Monday, March 8, 2010

My friend Goodwin


Housemates from 7, Fyfield Road. Standing, left to right: Henrietta Kaninda (Zaire); Me; Rick Russell (USA); Evelyn Tait (Scotland); Sitting, l to r: Jeff Moore (Canada); Dean Hickman (England); Goodwin Liu (USA); Beate Dignas (Germany); Patrick Callaghan (Irish Republic).

I was out of town with limited web access for four days, but managed to check Google News one afternoon, and was delighted to read that Goodwin Liu, my closest friend from my grad student days, has been nominated to the 9th US Circuit Court of Appeals. The Courts of Appeals are roughly the equivalent of India's High Courts.
Goodwin came to Oxford to study PPP (Psychology, Philosophy and Physiology), after a degree in biology from Stanford, and seemed headed for a career in medicine, following his parents and older brother. He found himself drawn more to the social sciences and, after a bout of the soul searching to which he was prone, switched to PPE (Politics, Philosophy and Economics), and busied himself with deciphering Locke and Hume.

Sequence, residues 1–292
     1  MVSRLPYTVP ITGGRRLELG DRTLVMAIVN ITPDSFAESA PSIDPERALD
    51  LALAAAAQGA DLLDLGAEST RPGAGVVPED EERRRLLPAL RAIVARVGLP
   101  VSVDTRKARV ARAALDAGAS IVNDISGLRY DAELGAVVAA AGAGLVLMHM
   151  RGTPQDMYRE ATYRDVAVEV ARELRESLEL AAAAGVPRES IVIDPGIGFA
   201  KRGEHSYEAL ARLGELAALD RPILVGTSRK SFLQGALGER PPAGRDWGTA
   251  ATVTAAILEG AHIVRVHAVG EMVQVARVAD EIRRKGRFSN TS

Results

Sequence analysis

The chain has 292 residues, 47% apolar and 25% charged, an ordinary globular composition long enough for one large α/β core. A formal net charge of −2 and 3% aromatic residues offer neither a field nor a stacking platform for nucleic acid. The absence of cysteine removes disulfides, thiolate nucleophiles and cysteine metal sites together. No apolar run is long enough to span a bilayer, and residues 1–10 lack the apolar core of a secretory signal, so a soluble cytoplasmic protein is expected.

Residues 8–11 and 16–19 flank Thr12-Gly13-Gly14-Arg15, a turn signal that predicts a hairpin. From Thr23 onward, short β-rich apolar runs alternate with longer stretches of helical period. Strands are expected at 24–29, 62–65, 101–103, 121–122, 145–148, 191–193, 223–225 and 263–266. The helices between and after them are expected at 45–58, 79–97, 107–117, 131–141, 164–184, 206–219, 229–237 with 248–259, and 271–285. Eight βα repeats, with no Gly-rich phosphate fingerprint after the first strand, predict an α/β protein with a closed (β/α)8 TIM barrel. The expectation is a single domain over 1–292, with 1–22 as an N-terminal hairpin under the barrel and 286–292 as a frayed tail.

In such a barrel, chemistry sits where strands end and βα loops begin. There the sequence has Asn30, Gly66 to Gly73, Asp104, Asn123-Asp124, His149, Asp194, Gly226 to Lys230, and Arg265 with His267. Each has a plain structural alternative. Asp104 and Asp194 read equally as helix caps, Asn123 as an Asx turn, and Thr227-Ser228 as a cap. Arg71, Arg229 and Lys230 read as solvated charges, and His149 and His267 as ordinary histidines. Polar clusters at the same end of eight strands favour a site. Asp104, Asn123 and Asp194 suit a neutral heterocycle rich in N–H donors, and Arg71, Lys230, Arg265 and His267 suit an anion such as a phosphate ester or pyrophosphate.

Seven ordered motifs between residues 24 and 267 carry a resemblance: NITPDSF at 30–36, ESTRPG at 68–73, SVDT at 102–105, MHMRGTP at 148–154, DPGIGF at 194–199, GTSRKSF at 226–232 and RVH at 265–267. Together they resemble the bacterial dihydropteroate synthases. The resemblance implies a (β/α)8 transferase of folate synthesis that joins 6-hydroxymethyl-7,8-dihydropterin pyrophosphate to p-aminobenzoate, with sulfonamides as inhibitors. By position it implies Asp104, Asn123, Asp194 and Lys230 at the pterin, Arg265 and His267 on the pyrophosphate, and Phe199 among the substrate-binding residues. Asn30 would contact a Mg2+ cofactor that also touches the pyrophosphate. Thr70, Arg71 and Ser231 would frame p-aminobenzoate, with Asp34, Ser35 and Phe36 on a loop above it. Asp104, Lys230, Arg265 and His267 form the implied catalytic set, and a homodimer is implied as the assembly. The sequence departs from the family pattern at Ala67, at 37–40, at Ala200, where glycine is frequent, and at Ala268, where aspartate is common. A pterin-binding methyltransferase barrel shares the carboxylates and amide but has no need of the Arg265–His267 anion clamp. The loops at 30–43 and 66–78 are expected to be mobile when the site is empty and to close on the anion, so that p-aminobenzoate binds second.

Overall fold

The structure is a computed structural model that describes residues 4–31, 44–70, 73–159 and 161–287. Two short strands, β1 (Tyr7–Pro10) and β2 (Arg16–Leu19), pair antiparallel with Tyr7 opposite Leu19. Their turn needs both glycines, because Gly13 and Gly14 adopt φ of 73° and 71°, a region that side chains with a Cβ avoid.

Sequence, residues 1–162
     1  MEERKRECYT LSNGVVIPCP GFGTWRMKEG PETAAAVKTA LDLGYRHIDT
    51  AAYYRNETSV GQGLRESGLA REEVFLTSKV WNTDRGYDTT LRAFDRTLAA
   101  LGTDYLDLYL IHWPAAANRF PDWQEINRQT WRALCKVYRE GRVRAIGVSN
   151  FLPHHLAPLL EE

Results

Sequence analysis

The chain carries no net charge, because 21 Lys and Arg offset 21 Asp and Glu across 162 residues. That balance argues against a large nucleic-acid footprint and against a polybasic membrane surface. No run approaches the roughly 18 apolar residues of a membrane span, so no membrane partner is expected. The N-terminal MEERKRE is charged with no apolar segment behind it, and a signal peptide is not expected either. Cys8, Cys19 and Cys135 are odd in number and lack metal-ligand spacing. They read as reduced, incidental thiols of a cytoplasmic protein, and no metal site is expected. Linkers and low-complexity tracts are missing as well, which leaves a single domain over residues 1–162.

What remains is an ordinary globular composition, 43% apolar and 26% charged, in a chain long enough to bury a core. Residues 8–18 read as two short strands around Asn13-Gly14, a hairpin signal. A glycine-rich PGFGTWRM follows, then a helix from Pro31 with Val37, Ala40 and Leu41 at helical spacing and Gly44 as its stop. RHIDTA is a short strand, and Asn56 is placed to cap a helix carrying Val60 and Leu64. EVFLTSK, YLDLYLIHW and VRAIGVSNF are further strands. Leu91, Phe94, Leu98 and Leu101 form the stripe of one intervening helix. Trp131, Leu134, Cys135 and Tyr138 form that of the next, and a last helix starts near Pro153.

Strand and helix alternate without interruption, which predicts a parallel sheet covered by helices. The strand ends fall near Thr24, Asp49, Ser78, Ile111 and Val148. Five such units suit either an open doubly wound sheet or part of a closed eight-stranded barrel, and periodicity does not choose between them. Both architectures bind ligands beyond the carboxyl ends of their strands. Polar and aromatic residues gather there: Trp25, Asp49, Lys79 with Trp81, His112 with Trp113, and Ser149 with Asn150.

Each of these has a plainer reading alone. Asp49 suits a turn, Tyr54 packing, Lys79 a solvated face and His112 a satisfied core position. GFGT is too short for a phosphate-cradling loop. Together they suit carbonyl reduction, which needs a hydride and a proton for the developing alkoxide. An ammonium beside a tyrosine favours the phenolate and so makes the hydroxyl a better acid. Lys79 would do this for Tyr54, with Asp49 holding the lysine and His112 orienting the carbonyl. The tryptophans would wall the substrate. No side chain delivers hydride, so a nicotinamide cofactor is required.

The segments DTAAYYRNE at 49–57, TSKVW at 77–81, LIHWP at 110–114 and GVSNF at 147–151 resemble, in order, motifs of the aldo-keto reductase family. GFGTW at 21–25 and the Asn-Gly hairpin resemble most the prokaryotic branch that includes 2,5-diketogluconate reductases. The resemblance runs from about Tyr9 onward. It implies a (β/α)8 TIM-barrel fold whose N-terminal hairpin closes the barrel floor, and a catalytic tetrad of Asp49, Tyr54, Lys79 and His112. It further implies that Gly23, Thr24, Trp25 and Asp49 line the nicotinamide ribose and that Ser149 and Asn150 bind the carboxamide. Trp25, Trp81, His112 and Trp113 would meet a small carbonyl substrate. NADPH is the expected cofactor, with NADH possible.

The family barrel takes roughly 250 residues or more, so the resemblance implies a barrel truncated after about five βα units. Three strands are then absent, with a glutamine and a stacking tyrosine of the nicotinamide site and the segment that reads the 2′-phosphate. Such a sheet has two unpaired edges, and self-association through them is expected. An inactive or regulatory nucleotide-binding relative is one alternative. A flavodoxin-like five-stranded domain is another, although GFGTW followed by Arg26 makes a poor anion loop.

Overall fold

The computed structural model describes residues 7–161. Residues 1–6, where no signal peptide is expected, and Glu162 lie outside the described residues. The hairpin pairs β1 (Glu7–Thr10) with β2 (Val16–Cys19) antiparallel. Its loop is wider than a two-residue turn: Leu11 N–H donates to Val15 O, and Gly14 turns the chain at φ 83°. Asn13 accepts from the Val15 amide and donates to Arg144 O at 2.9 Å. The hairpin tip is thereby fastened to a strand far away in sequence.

We lived in adjoining quarters, and spent long periods in each others’ company. Most of the time it was I hanging out in his room, because it was hospitably done up, while mine resembled a cavern. I was a pretty good cook, and Goodwin an exceptional one. However, while I was often content to scramble a few eggs with Gouda or head for the college dining hall, he’d make full meals each day, usually a preparation of rice, vegetables and strips of pork stewed in flavourful stock, accompanied by a side dish like broccoli with oyster sauce. He was generous sharing what he cooked, as also everything in his kitchen cabinet. An exception was made in the case of chocolate products, once Goodwin discovered I tended to scarf huge quantities of these. He might feel like a chocolate covered Jaffa cake at midnight and discover the entire pack he’d bought the previous day was gone, with the Indian next door the lone suspect.